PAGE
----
Kochi is known for its iconic cafes and restaurant, which bring a laidback artistic aura to this ancient trading hub and cultural centre. Among the best known is the Kashi Art Café, but you could also spend a laidback evening at the city’s popular waterfront restaurant Ginger House. Qissa Café is where the city’s well-heeled hang out.
Watch out for the Kathakali and Kalarippayattu performances in Kochi every evening. A great place to do this is the Kerala Kathakali Centre, which promises you an intimate viewing experience. They will certainly add a new dimension to your visit to the town and give you a glimpse into the many cultural arts of Kerala.
Our Tip: A great time to visit Kerala is during the Kochi-Muziris Biennale. Spread across the city, the festival brings together over 90 Indian and international artists and is the biggest such festival in South Asia. Visiting the city during Biennale adds to what you can do, and elevates your experience of Kerala’s artistic and cultural hub.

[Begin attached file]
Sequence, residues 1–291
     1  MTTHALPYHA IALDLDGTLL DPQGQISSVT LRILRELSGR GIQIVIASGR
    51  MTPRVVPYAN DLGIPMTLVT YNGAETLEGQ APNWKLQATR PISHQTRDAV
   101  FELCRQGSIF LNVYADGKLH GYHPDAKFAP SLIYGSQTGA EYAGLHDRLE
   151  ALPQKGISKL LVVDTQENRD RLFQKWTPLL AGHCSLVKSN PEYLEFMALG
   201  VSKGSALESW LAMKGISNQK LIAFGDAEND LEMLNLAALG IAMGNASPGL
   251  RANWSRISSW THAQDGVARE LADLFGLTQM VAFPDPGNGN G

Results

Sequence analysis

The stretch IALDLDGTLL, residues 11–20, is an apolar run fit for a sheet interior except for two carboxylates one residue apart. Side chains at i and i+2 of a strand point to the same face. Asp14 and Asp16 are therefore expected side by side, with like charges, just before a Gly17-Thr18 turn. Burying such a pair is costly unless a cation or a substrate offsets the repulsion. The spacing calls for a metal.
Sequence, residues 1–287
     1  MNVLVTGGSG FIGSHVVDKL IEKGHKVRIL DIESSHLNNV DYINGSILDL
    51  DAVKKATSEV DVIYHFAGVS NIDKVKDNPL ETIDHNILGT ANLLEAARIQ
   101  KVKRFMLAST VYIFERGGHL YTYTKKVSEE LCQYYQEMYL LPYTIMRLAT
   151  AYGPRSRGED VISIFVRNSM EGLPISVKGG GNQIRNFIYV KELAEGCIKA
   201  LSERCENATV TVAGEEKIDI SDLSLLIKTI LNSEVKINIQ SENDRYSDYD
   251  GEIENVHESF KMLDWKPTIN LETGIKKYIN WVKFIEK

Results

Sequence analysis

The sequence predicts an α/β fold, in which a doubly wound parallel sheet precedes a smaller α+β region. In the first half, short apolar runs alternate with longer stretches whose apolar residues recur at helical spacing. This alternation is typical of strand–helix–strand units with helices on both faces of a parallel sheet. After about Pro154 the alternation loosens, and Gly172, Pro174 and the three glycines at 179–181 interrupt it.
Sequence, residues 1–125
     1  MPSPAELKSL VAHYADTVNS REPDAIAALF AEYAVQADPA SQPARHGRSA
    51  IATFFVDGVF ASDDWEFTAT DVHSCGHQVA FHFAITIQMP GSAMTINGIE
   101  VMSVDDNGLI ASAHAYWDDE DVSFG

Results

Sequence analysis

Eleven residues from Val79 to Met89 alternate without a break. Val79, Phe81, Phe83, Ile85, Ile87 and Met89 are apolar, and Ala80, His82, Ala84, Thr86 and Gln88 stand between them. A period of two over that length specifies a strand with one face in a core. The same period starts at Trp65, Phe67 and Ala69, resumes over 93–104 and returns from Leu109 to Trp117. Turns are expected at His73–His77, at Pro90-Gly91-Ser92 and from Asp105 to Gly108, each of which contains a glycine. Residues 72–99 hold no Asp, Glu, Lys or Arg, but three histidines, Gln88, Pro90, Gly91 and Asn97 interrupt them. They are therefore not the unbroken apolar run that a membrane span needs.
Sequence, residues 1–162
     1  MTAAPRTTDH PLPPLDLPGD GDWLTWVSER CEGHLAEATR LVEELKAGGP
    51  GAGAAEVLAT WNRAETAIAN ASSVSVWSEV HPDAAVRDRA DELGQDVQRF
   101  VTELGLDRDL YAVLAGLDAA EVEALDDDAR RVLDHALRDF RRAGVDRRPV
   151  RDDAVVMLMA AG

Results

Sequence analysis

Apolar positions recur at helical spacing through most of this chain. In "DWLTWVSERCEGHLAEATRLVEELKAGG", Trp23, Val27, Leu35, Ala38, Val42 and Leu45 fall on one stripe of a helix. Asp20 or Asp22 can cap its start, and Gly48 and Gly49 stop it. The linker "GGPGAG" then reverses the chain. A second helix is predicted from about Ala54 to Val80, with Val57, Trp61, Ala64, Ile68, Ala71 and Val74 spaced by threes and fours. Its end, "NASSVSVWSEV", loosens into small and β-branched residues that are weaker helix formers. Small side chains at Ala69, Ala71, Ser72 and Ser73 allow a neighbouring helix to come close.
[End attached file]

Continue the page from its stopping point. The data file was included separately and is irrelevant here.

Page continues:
What to eat: The one cuisine item you must try on any visit to Kerala are its unique preparations of fish. But unique to Kochi is pappas, which is a fish preparation made in Portuguese style. For vegetarians, it is the best place to explore the Malayalee art of making avial. Only in this part of the country will you find a generous sprinkling of coconut over most of its vegetarian dishes. Like in the rest of India, a thali is a good option for those who want to sample a mix of the state’s offerings. Wash it all down, with one of the many varieties of Kerala payasam available here. They make the best desserts. Yet, while Kerala is best known for its traditional Malayali cuisine, Kochi’s unique heritage also makes it the home of many chic cafes, which bring an Indian flavour to many old continental classics.